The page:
This blog explores the history of Phoenix, Arizona and a little bit of Los Angeles and San Francisco, California

Steinegger's Lodge, 1889, Phoenix, Arizona

If you're a serious Phoenix history buff, you know that Steinegger's Lodge, at 27 E. Monroe, built in 1889, is one of the oldest buildings in Phoenix. And even if you work, or live, downtown, you may have gone past it many times and not noticed it. And if you noticed it, like I did when I worked downtown in the '90s, you may have tried not to.

I definitely have mixed feelings about this building. On the one hand, I would like to see Phoenix not tear down all of its old buildings - there really aren't that many left from the 1800s, but to me, I just remember seeing it in the late 20th Century, when it was a boarding house (to put it nicely) and a flophouse (to put it not so nicely).

I worked at Bank One Center (now Chase Tower), right across the street from it. From from there we could see people sleeping on the sidewalks and doing, uh, other things, that shouldn't have been done in public. I have a friend who delivered beer to Newman's back in the '80s and the description is not pleasant, to say the least.

It's located between the Professional Building, which is now undergoing restoration to become a Hilton Hotel, and the parking garage on the corner of Monroe and 1st Street. Yeah, it's tiny. And you would never suspect that the building was as old as it is, as from the front the old brick has been completely covered up, and has been for many decades. But come around to the back of the building with me, through the alley.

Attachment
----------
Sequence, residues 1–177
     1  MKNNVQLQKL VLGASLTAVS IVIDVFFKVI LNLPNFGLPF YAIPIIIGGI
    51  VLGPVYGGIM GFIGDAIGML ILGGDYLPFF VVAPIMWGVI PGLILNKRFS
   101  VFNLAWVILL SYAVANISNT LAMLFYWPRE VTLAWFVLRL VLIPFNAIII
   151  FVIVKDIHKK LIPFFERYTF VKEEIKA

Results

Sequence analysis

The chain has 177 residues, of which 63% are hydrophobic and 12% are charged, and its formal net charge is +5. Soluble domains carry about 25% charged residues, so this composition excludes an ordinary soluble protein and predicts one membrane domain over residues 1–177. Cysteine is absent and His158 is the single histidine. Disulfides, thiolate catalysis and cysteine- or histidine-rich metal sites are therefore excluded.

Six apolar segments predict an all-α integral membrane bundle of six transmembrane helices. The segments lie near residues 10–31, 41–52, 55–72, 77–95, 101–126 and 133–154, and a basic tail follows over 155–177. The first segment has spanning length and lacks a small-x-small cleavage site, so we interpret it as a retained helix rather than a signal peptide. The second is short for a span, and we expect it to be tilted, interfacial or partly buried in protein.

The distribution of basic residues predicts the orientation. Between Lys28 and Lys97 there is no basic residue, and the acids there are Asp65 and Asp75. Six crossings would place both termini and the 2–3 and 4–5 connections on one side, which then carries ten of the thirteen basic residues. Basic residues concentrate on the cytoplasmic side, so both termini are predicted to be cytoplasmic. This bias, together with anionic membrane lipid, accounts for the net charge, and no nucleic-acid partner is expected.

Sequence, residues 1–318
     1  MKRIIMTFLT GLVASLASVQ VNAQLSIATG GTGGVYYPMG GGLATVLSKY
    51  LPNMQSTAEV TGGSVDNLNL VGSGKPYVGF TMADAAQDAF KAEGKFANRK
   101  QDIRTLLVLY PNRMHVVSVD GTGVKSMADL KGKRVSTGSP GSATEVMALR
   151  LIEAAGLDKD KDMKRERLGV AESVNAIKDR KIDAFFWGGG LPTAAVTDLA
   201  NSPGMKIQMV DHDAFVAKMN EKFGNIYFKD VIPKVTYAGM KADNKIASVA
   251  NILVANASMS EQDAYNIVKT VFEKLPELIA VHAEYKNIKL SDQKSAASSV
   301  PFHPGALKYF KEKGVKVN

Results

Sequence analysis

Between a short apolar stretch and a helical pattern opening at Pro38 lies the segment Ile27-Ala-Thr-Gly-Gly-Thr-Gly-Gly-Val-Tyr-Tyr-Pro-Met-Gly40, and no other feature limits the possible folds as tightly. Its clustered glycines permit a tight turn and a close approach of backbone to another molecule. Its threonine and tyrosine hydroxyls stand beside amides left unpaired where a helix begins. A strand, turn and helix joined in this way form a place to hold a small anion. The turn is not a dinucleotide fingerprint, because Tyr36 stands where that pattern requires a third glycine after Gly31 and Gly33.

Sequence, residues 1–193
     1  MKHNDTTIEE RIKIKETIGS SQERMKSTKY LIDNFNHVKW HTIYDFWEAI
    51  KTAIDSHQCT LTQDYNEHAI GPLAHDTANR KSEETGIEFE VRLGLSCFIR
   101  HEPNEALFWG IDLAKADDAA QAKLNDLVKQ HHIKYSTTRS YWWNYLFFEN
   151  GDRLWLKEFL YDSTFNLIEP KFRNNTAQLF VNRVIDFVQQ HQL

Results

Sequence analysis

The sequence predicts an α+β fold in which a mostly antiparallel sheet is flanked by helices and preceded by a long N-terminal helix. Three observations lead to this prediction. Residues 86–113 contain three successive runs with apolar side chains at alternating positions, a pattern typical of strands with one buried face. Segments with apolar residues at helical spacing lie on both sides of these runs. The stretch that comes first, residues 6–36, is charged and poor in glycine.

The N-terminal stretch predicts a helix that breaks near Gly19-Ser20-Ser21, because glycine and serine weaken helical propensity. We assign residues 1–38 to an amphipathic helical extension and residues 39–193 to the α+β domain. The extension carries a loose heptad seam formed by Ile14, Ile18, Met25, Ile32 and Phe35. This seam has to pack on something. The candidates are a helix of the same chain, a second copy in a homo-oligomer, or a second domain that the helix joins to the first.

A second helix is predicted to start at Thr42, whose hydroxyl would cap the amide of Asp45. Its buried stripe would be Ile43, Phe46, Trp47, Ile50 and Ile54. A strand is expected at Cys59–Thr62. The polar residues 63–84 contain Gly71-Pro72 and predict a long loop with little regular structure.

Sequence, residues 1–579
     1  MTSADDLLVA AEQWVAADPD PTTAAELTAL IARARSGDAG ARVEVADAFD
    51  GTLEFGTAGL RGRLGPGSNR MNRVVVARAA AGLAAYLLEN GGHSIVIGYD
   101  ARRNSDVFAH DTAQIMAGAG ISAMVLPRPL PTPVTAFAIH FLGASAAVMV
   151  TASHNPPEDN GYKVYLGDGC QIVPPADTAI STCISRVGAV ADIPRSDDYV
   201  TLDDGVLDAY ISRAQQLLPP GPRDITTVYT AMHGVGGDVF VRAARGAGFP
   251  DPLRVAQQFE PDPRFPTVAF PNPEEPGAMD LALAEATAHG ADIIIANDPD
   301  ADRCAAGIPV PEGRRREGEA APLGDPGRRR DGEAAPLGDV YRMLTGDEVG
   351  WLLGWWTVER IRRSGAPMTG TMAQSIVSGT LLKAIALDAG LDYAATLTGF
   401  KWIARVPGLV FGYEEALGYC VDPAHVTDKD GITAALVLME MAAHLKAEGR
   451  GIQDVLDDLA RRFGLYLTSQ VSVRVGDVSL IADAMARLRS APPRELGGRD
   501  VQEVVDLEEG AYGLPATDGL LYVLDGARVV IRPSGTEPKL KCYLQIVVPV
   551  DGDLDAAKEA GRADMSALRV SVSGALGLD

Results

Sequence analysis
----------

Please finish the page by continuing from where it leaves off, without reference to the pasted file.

This was once known as Melinda's Alley, running east and west between Adams and Monroe. When Steinegger's Lodge was new, there were houses, and small businesses, along this alley.

As of this writing, the bricks that I leaned on today in the photo are 126 years old. And for a city that considers anything built before the 1960s to be historic, that's pretty old. Yes, the windows are boarded up and scrawled with graffiti, but they are still there. When Steinegger's Lodge was new, Theodore Roosevelt wasn't the president yet, Geronimo had only surrendered four years earlier, and air conditioning meant opening the window and hoping for a breeze.

Part of why I love living in Phoenix is that it so thoroughly modern. I like its progressive attitude. And if Steinegger's needs to go away, I'll understand. Most people will never miss it, nor will they ever know it had been there. But like so much of Phoenix history, just because people don't know about it, doesn't mean it wasn't there.

View from Melinda's Alley, behind the Renaissance Phoenix Downtown Hotel (between Monroe and Adams and Central and 1st Street)

Ghost sign of the St. Francis Hotel & Apartments

As the Golden West in 1957

As the Golden West in the 1980s


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